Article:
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Watertown Sectional, Day 1: Pairs
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I'm not sure why I can't sleep in on tournament days, but here I am, so I might as well get a couple of hands out of my system.  I'm playing this weekend with Stephanie Hamilton, whom I first partnered about 25 years ago in the under-50 game at Jade Barrett's club.  We did well in the afternoon and were leading at the break, notwithstanding a possible PP (see http://bridgewinners.com/article/view/director-please/).  I had the rare pleasure of accepting congratulations from several fine players.  

One of our good scores came when I held J653 AJ5 AT9 K73 and raised partner's 1NT opening directly to 3NT, scoring +460.  I initially thought that we had beaten out all the +450s (as partner also had four spades), but the recap sheet showed that pretty much the whole room showed the same good judgment and we lucked out on the opening lead.

 

The afternoon was a bit more of a challenge, as I failed to cash out against a couple of contracts which needed that defense and we were somewhat below average, placing us in the middle of the overalls; amazingly, all nine of the overall winners were within a single board.  How would you and your partner bid this hand after East deals?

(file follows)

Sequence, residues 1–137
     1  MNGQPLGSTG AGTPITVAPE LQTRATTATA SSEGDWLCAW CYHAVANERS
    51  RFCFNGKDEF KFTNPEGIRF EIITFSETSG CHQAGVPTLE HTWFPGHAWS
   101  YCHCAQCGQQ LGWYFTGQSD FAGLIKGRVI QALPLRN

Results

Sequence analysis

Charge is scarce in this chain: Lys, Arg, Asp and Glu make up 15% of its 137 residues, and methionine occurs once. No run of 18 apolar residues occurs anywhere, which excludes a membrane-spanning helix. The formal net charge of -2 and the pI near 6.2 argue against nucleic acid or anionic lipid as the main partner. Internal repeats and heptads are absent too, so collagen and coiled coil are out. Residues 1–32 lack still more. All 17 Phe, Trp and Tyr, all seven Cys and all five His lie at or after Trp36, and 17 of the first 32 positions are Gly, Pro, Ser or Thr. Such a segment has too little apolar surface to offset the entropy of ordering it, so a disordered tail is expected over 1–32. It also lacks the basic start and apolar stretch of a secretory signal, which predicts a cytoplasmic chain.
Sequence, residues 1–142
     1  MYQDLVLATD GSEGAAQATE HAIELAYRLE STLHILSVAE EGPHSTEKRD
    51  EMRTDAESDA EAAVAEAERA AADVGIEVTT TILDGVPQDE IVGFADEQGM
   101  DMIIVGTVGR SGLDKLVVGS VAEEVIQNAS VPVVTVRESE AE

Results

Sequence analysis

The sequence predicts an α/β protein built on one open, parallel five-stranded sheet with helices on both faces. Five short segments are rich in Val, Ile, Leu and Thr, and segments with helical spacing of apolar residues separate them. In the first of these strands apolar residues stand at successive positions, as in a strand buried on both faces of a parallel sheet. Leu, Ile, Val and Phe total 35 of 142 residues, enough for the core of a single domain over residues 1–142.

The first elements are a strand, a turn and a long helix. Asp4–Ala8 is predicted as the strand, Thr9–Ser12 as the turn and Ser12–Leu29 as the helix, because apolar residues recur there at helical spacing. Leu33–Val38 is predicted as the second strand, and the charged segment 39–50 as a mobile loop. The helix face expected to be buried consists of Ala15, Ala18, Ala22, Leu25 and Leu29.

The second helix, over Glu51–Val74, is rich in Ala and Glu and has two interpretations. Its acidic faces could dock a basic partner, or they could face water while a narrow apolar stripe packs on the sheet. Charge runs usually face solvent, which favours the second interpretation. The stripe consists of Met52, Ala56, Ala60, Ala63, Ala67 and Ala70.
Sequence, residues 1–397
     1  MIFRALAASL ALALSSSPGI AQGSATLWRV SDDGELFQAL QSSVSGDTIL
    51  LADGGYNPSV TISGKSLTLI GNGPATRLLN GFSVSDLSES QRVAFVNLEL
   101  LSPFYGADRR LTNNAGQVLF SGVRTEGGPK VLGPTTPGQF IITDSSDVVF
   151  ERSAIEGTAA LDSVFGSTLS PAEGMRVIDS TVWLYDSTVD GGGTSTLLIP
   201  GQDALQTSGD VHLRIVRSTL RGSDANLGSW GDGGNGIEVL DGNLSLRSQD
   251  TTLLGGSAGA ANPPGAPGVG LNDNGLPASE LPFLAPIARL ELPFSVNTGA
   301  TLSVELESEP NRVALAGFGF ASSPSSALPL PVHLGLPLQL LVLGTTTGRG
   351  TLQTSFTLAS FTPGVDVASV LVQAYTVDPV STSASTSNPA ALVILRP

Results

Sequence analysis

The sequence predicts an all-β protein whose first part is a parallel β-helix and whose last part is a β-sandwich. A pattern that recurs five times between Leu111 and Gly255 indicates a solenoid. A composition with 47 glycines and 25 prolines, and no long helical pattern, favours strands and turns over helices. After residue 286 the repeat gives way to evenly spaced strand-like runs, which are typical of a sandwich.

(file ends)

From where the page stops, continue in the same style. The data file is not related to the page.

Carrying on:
West
8
K108742
J1093
63
East
AK102
AJ93
AKJ109
Assume South overcalls in diamonds.

West
8
K108742
J1093
63
East
AK102
AJ93
AKJ109
W
N
E
S
1
1
1
P
4
X
4
P
6
P
P
P

We reached slam via this auction for an above-average result, and it wasn't until 5:15 this morning that I figured out how to find the grand.  East can bid 5NT (Grand Slam Force, or Josephine for those who are older than I) and West replies 6 showing A or K with extra length.

My favorite hand was this one, for both the bidding and play.

West
AK10764
Q3
A964
6
East
83
K10754
2
KQ953
W
N
E
S
P
P
1
X
2
2
3
P
4
P
P
P

Plan the play on a diamond lead.

West
AK10764
Q3
A964
6
East
83
K10754
2
KQ953
W
N
E
S
P
P
1
X
2
2
3
P
4
P
P
P

If you win and reflexively ruff a diamond, you can't make it--there is no way back to your hand, so the opponents can win your play from the board, draw dummy's other trump, and cash a diamond when they get in with the other ace.  There are hands where it's right to duck at trick one, but this isn't one of them.  I won and played a club up, catching North on the tines of Morton's Fork (my favorite coup; see https://en.wikipedia.org/wiki/Morton%27s_fork_coup).  In practice, he won the ace, and I could not be prevented from ruffing a diamond and pitching the other two on clubs.  Had he ducked, I would have been able to ruff two diamonds, losing only a trump, a heart, and the last diamond.

My bike ride over to the tournament site should keep me awake for the first session of today's Swiss, and I'll hope for not too many difficult defenses in the second.

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